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US, Europe Special Envoys Hope Peace Talks Will Start Soon

A meeting of the US-Europe Group for Afghan Peace was held in Berlin on Tuesday with the participation of US Special Representative for Afghanistan Reconciliation Zalmay Khalilzad, the head of the UN mission in Afghanistan Tadamichi Yamamoto, special envoys from the EU member countries and Afghan Deputy Foreign Minister Idris Zaman where the delegates held wide-ranging discussions on meetings on peace in Afghanistan in Norway, Germany, and Qatar.

Khalilzad said in a tweet that he had productive meetings with German Chancellor's Foreign Policy and Security Advisor Hecker, German Foreign Office Secretary Michaelis and German Special Envoy Markus Potzel.

"Reflected on what’s been achieved in Afghanistan since Bonn 2001 and what we can do to get to durable peace,” Khalilzad said.

Khalilzad said that Germany also hosted the second US-Europe Group for Afghan Peace meeting. He said that after the peace process update, they reviewed the upcoming Oslo Forum and German-Qatari hosted intra-Afghan dialogue.

"Our focus was intra-Af negotiations (that lead to a political roadmap) and who can do what to make it happen as soon as possible,” said Khalilzad.

“I hope that Germany in coordination with the people and government of Afghanistan and the Taliban take forward this meeting towards an outcome,” said former MP Ali Kazimi.

“We will have a positive outcome if all European and neighboring countries to Afghanistan join hands and contribute honesty in the Afghan peace process,” said political analyst Hamid Sultani.

Meanwhile, the German envoy Markus Potzel said in a tweet that in Berlin, they agreed that intra-Afghan dialogue should start as soon as possible. "All participants are committed to supporting it," he tweeted.

In their previous meetings, the US and the Taliban mostly focused on a timeline for the withdrawal of foreign forces from Afghanistan and the assurance that Afghanistan’s soil will not be used against other countries.

Afghanistan

US, Europe Special Envoys Hope Peace Talks Will Start Soon

Khalilzad says he had productive meetings with special envoys of other countries in Berlin.

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A meeting of the US-Europe Group for Afghan Peace was held in Berlin on Tuesday with the participation of US Special Representative for Afghanistan Reconciliation Zalmay Khalilzad, the head of the UN mission in Afghanistan Tadamichi Yamamoto, special envoys from the EU member countries and Afghan Deputy Foreign Minister Idris Zaman where the delegates held wide-ranging discussions on meetings on peace in Afghanistan in Norway, Germany, and Qatar.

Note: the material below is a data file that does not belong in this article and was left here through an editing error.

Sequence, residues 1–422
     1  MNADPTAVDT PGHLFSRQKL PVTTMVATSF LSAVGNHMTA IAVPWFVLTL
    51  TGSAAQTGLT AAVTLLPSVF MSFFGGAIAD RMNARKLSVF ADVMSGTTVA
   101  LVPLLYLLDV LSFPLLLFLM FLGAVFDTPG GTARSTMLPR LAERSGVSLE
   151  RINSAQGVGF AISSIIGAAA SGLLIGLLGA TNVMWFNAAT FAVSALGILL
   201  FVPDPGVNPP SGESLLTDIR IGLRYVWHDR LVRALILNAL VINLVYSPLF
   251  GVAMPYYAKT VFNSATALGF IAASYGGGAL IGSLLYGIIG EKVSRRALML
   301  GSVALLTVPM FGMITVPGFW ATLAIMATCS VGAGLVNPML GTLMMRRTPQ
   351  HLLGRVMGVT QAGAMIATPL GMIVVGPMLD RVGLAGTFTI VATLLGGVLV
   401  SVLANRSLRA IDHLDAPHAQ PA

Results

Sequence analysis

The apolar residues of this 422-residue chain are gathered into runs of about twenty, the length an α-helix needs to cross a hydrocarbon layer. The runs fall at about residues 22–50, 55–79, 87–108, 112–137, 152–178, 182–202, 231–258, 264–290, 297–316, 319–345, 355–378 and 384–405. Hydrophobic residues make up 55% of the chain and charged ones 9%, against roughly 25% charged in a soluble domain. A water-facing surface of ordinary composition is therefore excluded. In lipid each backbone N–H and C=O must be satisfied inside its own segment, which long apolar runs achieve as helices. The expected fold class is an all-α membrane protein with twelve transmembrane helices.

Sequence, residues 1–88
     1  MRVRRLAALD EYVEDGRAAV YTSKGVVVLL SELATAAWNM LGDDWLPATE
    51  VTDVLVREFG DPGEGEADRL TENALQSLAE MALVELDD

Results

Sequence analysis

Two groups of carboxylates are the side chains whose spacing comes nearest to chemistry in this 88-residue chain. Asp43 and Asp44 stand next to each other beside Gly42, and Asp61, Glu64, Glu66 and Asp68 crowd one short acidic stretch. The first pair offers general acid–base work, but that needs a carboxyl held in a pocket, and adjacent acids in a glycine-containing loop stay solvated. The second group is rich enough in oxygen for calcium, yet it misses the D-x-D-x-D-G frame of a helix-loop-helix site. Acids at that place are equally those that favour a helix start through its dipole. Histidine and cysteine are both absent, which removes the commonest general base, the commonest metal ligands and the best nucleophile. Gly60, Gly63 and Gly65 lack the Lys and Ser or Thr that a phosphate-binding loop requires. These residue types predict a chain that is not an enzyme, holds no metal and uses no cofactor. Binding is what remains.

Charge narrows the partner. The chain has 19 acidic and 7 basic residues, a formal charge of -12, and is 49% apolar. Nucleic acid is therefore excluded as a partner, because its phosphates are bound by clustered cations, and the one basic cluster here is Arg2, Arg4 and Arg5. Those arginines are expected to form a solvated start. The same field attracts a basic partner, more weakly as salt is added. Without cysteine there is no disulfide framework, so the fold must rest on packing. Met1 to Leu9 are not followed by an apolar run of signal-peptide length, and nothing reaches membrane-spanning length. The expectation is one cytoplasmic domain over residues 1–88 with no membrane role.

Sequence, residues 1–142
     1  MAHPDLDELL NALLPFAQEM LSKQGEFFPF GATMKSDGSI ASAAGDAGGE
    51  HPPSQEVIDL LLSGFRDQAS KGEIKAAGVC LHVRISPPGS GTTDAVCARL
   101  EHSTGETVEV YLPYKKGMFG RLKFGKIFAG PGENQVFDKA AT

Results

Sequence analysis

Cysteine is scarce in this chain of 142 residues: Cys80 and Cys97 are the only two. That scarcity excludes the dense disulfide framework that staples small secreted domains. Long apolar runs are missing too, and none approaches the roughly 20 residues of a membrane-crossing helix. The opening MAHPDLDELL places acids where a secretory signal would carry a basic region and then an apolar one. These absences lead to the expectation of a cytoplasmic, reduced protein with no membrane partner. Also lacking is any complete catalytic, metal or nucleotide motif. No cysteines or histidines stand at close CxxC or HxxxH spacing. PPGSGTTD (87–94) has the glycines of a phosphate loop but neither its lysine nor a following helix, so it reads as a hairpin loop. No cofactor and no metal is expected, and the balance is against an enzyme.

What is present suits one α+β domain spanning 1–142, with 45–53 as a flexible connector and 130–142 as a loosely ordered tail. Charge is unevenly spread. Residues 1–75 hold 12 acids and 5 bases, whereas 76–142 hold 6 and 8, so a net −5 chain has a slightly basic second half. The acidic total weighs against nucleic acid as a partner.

Khalilzad said in a tweet that he had productive meetings with German Chancellor's Foreign Policy and Security Advisor Hecker, German Foreign Office Secretary Michaelis and German Special Envoy Markus Potzel.

"Reflected on what’s been achieved in Afghanistan since Bonn 2001 and what we can do to get to durable peace,” Khalilzad said.

Khalilzad said that Germany also hosted the second US-Europe Group for Afghan Peace meeting. He said that after the peace process update, they reviewed the upcoming Oslo Forum and German-Qatari hosted intra-Afghan dialogue.

"Our focus was intra-Af negotiations (that lead to a political roadmap) and who can do what to make it happen as soon as possible,” said Khalilzad.

“I hope that Germany in coordination with the people and government of Afghanistan and the Taliban take forward this meeting towards an outcome,” said former MP Ali Kazimi.

“We will have a positive outcome if all European and neighboring countries to Afghanistan join hands and contribute honesty in the Afghan peace process,” said political analyst Hamid Sultani.

Meanwhile, the German envoy Markus Potzel said in a tweet that in Berlin, they agreed that intra-Afghan dialogue should start as soon as possible. "All participants are committed to supporting it," he tweeted.

In their previous meetings, the US and the Taliban mostly focused on a timeline for the withdrawal of foreign forces from Afghanistan and the assurance that Afghanistan’s soil will not be used against other countries.

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